This review provides a brief historical overview of the behavioral paradigms that have been used to study alcohol consumption using rats as subjects, and then critically evaluates these models' ability to address the complexities involved in ethanol-seeking and self-administration. Many of these models have been influenced by a "behavioral pharmacology" approach, and therefore have studied oral ethanol reinforcement in a manner similar to food and water reinforcement. Because of this, these models have failed to adequately assess the complex seeking responses that are an integral part of ethanol-motivated behaviors. As an alternative, an appetitive-consummatory approach that procedurally separates and measures the two phases of behavior is suggested, and recent data using this model are reviewed. It is important that animal models that are to be used to evaluate underlying physiological mechanisms of the control of ethanol self-administration accurately address all of the complex behaviors that are involved in intake control.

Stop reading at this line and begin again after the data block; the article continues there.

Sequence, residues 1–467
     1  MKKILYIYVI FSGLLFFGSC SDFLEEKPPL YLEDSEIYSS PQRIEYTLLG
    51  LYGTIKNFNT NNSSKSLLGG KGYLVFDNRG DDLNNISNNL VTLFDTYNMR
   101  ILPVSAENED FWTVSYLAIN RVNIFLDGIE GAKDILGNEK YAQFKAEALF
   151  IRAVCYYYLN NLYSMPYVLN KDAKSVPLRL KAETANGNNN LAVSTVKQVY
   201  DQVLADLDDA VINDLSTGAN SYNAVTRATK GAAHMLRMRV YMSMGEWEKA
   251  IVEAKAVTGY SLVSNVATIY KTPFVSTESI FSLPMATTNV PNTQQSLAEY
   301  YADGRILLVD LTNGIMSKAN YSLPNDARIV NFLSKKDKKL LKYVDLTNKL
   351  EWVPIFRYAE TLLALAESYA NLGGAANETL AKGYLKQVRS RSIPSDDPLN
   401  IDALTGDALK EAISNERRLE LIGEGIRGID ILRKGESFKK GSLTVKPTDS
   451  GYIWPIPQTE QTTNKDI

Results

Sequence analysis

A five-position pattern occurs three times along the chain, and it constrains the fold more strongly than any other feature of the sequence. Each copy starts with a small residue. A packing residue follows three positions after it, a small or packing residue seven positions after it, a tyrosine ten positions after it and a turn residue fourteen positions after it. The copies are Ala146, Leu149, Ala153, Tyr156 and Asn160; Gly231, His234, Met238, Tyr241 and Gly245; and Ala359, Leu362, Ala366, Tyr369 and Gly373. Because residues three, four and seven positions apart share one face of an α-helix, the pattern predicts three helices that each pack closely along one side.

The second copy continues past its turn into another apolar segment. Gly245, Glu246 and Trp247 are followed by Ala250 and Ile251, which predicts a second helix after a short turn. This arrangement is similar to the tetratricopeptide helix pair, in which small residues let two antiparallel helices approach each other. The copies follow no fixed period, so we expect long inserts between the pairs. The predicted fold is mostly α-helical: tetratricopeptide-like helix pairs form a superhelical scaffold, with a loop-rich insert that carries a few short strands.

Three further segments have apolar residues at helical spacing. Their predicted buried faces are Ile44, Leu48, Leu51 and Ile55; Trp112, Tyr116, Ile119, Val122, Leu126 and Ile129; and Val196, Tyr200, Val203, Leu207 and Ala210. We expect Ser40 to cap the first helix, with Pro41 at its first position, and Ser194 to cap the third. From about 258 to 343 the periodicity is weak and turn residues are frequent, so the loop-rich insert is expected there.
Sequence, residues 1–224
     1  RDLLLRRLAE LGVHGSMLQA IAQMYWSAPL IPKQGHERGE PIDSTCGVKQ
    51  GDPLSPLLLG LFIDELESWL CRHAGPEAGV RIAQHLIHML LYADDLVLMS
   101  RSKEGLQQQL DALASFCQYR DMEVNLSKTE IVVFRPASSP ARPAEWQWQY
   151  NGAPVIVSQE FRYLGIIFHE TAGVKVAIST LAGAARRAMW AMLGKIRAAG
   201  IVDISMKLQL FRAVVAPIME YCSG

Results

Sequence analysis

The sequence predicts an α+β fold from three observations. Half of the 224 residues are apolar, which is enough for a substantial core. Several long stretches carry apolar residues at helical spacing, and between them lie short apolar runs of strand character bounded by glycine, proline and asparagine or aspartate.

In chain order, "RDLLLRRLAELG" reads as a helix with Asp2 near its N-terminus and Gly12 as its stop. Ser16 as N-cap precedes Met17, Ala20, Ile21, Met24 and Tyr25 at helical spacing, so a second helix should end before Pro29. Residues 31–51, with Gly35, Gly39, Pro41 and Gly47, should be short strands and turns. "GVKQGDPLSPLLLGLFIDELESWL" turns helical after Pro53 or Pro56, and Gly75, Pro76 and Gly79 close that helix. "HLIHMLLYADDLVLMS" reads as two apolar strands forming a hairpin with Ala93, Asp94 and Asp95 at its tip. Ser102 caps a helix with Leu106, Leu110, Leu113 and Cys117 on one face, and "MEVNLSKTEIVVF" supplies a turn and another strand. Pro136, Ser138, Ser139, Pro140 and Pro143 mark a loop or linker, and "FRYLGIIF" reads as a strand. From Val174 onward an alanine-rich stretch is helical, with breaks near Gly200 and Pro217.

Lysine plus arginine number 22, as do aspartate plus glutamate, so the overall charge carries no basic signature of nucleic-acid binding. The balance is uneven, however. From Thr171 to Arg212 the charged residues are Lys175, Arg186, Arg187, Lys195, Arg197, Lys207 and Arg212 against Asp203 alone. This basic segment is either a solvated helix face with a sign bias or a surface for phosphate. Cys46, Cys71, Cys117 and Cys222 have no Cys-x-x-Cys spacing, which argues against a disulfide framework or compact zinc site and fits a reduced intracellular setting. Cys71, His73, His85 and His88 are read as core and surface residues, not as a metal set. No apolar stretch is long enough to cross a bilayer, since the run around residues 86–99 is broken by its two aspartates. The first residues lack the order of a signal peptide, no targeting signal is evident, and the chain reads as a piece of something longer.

ASJC Scopus subject areas
- Clinical Neurology
- Cellular and Molecular Neuroscience